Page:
A 2003 research carried out in SADC revealed that countries without proper enforcement mechanism of competition rules ‑ mergers have produced market structures that have made it easier for a group of firms to cartelise the market, and this has enable the merged entities to act more like a monopolist. 

The report found that most of the SACU members have very few firms in their markets, hence, it is attractive for these firms to merge in order to avoid competition among or between them.

 

 

 

••• Preceded by reputation

 

Bonakele stressed that the hullabaloo regarding Wal-Mart entering the South African market had nothing to do with competition. He believes it was more of local stakeholders being petrified by the sheer size of the American company.

“The unique thing about Wal-Mart is its size. It really takes scale to another level,” Bonakele said.

Last year, the Competition Appeals Court dismissed concerns raised by the South African Competition Tribunal and the departments of trade and industry, economic development and agriculture, forestry and fisheries over possible effect the Wal-Mart could have on the South African economy.

Bonakele stressed that the judge at Competition Appeals Court had no choice but to dismiss the government’s concerns because it was difficult to quantify the potential harm Wal-Mart would have on the local industry.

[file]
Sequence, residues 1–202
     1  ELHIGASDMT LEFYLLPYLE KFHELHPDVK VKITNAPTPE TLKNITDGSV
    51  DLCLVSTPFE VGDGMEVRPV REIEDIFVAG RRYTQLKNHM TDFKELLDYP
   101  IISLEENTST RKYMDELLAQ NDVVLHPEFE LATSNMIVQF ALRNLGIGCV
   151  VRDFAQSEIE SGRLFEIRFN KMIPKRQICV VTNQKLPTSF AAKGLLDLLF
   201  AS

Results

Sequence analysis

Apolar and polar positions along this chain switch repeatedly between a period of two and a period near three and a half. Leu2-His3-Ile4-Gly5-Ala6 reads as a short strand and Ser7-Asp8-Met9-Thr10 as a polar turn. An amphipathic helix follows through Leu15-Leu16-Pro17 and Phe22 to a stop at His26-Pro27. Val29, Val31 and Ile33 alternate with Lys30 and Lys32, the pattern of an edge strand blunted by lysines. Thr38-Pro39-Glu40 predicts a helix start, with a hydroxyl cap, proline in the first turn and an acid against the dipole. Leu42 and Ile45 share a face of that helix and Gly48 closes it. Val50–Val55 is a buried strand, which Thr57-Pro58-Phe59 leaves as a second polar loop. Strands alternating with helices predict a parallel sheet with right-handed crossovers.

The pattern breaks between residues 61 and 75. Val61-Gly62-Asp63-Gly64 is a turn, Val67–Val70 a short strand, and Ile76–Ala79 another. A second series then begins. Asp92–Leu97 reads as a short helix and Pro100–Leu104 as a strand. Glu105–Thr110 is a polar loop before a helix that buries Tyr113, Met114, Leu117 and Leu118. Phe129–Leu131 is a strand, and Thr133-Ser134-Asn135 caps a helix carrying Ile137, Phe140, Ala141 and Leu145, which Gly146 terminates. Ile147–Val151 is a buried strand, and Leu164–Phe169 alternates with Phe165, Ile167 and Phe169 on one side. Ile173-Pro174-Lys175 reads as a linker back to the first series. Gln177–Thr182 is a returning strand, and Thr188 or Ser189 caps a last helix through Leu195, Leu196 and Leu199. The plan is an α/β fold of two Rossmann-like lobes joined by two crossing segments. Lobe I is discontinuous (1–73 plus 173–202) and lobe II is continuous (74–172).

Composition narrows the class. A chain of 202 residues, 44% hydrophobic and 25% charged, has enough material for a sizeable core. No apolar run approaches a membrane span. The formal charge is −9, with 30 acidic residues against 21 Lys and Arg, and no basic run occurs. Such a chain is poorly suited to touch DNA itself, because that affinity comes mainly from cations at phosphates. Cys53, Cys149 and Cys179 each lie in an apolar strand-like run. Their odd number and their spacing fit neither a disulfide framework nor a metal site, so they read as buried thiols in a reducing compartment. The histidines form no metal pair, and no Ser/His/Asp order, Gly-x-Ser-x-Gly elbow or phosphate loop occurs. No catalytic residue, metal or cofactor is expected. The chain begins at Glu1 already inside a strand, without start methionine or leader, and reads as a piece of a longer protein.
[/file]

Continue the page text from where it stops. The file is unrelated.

“There was no evidence and it was difficult to quantify that there will be an increase in imported goods, or that prices will go down. It was more of stakeholders jittery about Wal-Mart – whether they will be able to compete,” Bonakele said.

The Dean of Schools of Economics and Finance at Polytechnic of Namibia, Kofi Boamah, is of the opinion that Wal-Mart was preceded by its reputation. Wal-Mart’s reputation across the globe points to exploitation of workers and bullying the local suppliers.

But the Ghanaian-born academic does not see any potential harm on the Namibian economy. “I would say that we need them. For me, I believe in competition because competition brings quality.

“When you allow companies to engage in monopoly, the ultimate end and aim is to give consumers whatever they want. They don’t take into consideration what the consumer want, they decide what they want consumers to consume, which is not appropriate.

“Organisations like Wal-Mart, it is not the first time we are having them in a small country like Namibia. Look at the Game, look at the Builder’s Warehouse, look at all these companies that are here now, are they Namibian companies – no.

“Why are you scared of another company coming in? We should let them come in and they will still see themselves out – the bad ones go out and good ones will stay.

“In the meantime, consumers will be satisfied by being able to make choices, instead of being restricted by what is in the market. 

That’s the good side of it.”

On the other side, Boamah cautioned that “many of these multinational companies are very dangerous. The concerns that were raised by the NaCC are true”.

“Some of them can buyout local companies, retrench their workers and take over. Because they are big, they enjoy economies of scale, and the small man will not be able to compete with them ‑ in the end they phase out.

“It is important for an organisation like NaCC to serve as moderator, moderating these companies so that we don’t fall in the same trap which some countries have fallen into”.

October 2013